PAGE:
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East African leaders yesterday vowed to combat terrorism with unwavering determination. They resolved to spare no effort or resources in the war against terrorists and other perpetrators of crime within the region.


“We are united to implement counter terrorism measures as a matter of urgency”, they said at the end of their one-day summit at the Arusha International Conference Centre (AICC).

The 12th Extraordinary Summit of the East African Community (EAC) Heads of State condemned the recent terrorist attacks in Kenya and urged all five member states come up with appropriate measures to neutralise the threat posed by al Shabaab militants from Somalia. Insurgency and other transnational crimes featured at the summit hosted by President Jakaya Kikwete and attended by presidents Yoweri Museveni of Uganda and Uhuru Kenyatta of Kenya. Burundi and Rwanda were represented by First Vice President Prosper Bazombaza and Prime Minister Pierre Damien Habumuremyi, respectively.

Addressing the plenary session, President Kenyatta, who is the current chair of the EAC Summit, said East Africans were not living in isolation in the world which that is now too familiar to the terrorist attacks. He added that the people in the region must be prepared to address the looming threat.

He particularly cited Al Shabaab militants from Somalia, who have been blamed for a string of murderous attacks in Mombasa and Nairobi.

“Somalia is our neighbour but law and order has eluded that country for two decades,” he said, noting that the East African region was also concerned by the on-going bloody conflict in South Sudan.

The Kenyan minister for EAC Affairs and current chair of the EAC Council of Ministers, Ms Phyllis Kandie, told the Summit that the magnitude of terrorist attacks the region has endured in recent times called for increased vigilance.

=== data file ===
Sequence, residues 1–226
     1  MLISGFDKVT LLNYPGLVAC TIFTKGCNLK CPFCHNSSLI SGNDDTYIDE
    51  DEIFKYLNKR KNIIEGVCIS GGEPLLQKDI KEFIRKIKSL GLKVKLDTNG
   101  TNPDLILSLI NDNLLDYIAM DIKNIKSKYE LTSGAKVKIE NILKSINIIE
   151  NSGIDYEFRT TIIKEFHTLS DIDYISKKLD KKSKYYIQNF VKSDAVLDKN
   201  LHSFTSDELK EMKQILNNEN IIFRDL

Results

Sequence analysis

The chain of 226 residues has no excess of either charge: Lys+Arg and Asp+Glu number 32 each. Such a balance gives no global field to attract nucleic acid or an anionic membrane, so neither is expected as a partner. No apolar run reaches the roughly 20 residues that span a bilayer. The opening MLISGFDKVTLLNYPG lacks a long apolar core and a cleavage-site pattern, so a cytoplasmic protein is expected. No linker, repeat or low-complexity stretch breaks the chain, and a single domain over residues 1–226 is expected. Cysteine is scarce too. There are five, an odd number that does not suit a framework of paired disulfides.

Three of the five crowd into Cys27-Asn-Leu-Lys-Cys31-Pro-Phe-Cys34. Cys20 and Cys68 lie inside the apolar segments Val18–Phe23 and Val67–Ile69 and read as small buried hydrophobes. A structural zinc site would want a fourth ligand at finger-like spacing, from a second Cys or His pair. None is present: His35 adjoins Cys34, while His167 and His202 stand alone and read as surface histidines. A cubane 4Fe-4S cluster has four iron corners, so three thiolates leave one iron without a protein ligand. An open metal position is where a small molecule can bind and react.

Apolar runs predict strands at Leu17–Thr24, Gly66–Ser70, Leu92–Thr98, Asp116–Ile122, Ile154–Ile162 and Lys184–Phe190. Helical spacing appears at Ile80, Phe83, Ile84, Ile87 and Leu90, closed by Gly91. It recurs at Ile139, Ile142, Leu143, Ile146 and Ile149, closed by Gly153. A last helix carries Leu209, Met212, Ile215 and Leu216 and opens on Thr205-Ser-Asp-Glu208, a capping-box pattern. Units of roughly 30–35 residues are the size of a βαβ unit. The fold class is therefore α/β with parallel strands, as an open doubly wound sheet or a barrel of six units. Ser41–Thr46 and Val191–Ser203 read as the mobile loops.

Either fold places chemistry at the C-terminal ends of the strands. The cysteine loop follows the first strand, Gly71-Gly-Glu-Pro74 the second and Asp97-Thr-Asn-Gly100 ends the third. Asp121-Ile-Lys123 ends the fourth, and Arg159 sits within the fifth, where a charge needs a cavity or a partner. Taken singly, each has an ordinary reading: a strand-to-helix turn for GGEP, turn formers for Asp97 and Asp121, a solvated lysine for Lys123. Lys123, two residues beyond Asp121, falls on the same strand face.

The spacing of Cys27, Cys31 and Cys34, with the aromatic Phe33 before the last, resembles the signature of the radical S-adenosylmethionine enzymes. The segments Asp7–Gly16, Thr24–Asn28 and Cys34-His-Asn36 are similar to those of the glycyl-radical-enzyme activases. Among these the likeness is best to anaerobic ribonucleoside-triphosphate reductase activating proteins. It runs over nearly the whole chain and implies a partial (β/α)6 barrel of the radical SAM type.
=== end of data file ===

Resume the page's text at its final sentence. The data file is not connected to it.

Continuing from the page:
“The growing threat of terrorism means peace and security are critical for regional integration,” she said.

The regional leaders, according to a communiqué issued at the end of the Summit, reiterated their unwavering determination to collectively work together to combat terrorism in eastern Africa and the Great Lakes Region and called on the security agencies to intensify their cooperation aimed at combating terrorism and insurgency.

The Summit directed the EAC Council of Ministers to implement counter-terrorism strategy as a matter of urgency “with a view to safeguarding fundamental rights and freedom of the people of East Africa”. The communiqué, read by EAC Secretary-General Richard Sezibera, said the process for the admission of South Sudan into the bloc had been postponed until September or October “in order to allow her (Juba) undertake national preparations and consultations”.

Both sides of the conflict in South Sudan whose recent fighting has led to the killing of tens of thousands of people and the displacement of more others were urged to resolve their differences peacefully.

The Summit appointed Justice Emmanuel Ugirashebuja from Rwanda the new President of the East African Court of Justice (EACJ) to replace Justice Harold Nsekela from Tanzania, whose tenure ends in June.

Justice Liboire Nkurunziza ( Burundi) will be the Vice President of the court and will replace Justice Kiptoo Tanoi from Kenya.

Justice Aaron Ringera and Justice Edward M.K. Rutakangwa, from Kenya and Tanzania, respectively, were appointed judges in the Appellate Division of EACJ while Justice Fakihi A. Jundu from Tanzania will join the First Instance Division of the regional court.

The summit also renewed the contract of Dr Enos Bukuku from Tanzania as deputy secretary-general in charge of Planning and Infrastructure. The former deputy governor with the Bank of Tanzania (BoT), was first appointed in April 2011.

The Citizen